I cry when I think about being cut down, the advantage of leaving, never coming to be

I am as vast as the distance between galaxies, and as tall as the sky on clear summer days

I understand that wishes will not always come true

I say that if you believe in it, it will happen

I dream of lifting my roots, walking away from the damp soil that keeps me down

I try to make the dream come true, walking, flying, adventuring with the animals

I hope that I can explore the world, see the countries many miles from where I stand

I am as vast as the distance between galaxies, and as tall as the sky on clear summer days

Every parent has doubts; we doubt the disciplines we use, we worry if we shower them with too much praise or too little, we have those nagging thoughts tinkering in the back of our minds–are we doing right by our kids? What if we aren’t? What path are we setting them on? When you are the parent of nomads there is an additional layer of doubt–am I asking too much of them? Should we call an end to this and settle down? Which way is right for them? And then there are those flashes that tell you, yes, they are okay, more than okay, they are thriving, and those flashes are gifts. For me, this poem is one of those flashes. In it I see a girl who is wise beyond her years, a girl with roots who recognizes that there is much more to this world than what is outside her bedroom window, so much beauty to soak in, and she recognizes that the journey she is on is full of endless possibilities. I feel abundantly blessed that I will witness her walk her path and whether she becomes a writer, a teacher, a veterinarian, or a stay at home mom she is bound for greatness and her spirit, full of grace and recognizing no boundaries, will not settle for less.

Gramps: By Aisleen

I miss my Gooseberry. I miss the smell of her every night in bed, and how her sweet voice whispered in my ear telling me how much she loved me. She had the most angelic voice. Her words on our marriage day, “I do” echo around my head. Her pale, wrinkled skin, how my fingers felt when I touched it, I felt like if you offered me to stand there and touch her arm forever, I would accept it in a heartbeat. Her grey hair, oh how it shined all day, it would reflect of the sunlight, and would glisten in the brightness of the moon. Her smell was indescribable, how it would dance through my nostrils. I can still smell it in our marriage bed, in the pillow, in her suitcase. I could smell it whenever I went to her grave. Her eyes, oh how I miss them. Her beautiful eyes would sparkle whenever she looked at me, I could see my reflection, as if they were a stream in an evergreen forest. When we kissed, I could taste her cherry lip-gloss, I would hate to admit, but I put it on at night to make me feel like she is there with me, in bed, her arms wrapped around me. Oh, how I want to have her back with me, enjoying the pleasant breeze on the farm, the sun shining down on us.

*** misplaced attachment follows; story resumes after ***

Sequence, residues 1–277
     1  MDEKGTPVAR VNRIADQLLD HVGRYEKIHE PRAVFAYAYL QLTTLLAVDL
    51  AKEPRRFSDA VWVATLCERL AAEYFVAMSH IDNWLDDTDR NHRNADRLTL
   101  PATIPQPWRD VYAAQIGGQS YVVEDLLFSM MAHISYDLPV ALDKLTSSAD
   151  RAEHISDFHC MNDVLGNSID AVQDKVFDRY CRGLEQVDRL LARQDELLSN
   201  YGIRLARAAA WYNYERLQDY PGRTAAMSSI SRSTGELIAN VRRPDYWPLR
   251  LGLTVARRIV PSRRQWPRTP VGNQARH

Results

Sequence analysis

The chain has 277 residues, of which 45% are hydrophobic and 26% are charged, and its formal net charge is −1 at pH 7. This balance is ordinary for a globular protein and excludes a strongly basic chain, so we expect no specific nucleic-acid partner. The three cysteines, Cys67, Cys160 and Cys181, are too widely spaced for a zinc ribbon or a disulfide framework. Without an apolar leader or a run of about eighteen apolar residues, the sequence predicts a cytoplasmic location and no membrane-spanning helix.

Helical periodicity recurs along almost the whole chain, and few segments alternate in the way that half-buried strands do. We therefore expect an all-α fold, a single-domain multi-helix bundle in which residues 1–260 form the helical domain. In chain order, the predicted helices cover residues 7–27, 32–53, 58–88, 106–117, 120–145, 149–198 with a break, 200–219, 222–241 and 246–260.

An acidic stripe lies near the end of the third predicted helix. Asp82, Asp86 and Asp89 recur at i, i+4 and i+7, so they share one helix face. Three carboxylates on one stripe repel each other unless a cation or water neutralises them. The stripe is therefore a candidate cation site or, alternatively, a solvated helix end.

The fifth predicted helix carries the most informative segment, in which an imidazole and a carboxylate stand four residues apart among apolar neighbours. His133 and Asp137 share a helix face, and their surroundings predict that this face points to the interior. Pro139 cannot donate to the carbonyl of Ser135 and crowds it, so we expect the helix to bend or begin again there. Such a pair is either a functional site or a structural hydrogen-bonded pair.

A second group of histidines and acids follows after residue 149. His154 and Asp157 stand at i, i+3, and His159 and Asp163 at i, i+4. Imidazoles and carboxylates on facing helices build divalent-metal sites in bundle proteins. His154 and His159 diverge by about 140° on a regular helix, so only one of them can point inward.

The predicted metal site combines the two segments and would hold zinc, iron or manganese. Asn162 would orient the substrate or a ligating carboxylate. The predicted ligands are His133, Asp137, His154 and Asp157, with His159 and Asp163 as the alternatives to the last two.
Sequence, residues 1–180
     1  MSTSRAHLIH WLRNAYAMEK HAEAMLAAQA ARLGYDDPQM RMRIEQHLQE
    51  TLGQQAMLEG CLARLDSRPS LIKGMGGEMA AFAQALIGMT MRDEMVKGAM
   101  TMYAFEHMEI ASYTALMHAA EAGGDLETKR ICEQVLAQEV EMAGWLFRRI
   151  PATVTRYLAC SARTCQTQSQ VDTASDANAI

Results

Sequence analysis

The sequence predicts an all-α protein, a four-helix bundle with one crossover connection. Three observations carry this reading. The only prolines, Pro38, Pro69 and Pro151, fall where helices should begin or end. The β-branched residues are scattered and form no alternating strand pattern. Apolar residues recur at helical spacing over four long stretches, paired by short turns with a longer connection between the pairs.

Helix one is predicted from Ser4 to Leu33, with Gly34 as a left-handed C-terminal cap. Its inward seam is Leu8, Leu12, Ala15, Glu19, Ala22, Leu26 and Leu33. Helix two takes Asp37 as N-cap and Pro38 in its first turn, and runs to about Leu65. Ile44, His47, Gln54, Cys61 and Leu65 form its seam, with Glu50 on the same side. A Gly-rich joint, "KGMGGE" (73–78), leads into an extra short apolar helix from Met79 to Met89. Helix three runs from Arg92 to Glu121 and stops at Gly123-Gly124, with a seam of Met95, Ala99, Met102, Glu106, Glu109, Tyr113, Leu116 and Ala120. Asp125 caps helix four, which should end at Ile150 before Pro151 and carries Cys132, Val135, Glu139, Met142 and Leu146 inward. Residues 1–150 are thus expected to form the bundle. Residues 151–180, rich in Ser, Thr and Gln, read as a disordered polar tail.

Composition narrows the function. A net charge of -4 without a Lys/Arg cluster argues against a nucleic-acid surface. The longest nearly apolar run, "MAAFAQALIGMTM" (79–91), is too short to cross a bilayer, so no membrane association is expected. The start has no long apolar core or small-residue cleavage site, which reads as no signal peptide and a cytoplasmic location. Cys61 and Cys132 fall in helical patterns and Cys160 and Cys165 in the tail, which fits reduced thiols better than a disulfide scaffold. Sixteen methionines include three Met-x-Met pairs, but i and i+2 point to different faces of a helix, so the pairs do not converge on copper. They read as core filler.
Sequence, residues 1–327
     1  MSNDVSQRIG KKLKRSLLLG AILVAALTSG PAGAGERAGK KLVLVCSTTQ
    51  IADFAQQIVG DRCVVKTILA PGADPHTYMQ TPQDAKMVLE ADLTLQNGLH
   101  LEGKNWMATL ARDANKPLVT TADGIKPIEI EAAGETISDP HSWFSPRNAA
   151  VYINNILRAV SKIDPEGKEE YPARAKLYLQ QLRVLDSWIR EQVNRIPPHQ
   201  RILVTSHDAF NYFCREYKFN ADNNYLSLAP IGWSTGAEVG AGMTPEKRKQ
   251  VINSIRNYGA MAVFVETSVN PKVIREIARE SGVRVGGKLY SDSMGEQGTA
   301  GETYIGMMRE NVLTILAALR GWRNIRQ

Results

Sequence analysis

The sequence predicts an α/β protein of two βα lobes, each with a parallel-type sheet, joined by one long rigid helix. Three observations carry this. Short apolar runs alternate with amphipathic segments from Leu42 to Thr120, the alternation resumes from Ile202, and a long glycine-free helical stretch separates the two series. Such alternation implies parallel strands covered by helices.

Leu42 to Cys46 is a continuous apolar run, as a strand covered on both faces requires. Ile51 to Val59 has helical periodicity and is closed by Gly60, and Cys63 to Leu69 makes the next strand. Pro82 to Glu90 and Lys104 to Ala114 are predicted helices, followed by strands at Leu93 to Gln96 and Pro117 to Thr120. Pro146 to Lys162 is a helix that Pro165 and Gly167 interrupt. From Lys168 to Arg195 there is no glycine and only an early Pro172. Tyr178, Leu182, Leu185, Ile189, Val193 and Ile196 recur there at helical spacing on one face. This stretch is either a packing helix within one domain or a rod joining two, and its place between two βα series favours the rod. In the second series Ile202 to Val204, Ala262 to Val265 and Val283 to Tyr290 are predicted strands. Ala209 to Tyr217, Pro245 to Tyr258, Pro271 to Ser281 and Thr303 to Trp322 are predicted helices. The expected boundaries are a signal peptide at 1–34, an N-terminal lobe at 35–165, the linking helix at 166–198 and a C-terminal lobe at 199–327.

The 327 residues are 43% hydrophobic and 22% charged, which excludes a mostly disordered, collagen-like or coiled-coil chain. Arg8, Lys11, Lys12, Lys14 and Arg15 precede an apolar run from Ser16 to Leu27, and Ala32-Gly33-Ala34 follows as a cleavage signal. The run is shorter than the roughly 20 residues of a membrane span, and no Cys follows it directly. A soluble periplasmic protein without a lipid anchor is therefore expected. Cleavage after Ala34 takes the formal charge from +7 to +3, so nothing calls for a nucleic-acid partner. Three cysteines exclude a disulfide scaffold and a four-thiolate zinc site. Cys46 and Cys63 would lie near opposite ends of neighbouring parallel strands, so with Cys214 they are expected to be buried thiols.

I have a new dog named Huzza-Huzza. I named his after Gooseberry. Huzza-Huzza and I sit in the back of the car while my Chickabiddy drives around the fields. Driving over bumps, grass, and dirt. As I sit in the back I pet Huzza-Huzza, his short, silky fur under my fingers as I smoke my pipe. It reminds me of the trip Gooseberry , Chickabiddy, and I took, around the United States when we went to visit Chickabiddy’s mom. Sadly, I could not see her grave, since I had to stay back with Gooseberry.

Chickabiddy’s friends are coming over to stay with us for a little while. I have heard so much about them. They sound like magnificent friends to Salamanca. I have been staying up at night because of the delight. Ben sounds like a wonderful, smart boy, and how I am so happy that he and Salamanca are together, and Phoebe sounds like a blast, her life sounds like a roller coaster, excitement, hilarity, sadness, thoughtfulness, uncertainty, anger, but I shall stop with that for if I kept going it would be as long as a ray of sunshine coming from the rising sun reflecting on a beach. Apparently, her English teacher might also be coming. It warms my heart to see my Chickabiddy ricocheting off the walls of the house. Oh how I wish my Gooseberry could be here for such an exhilarating time.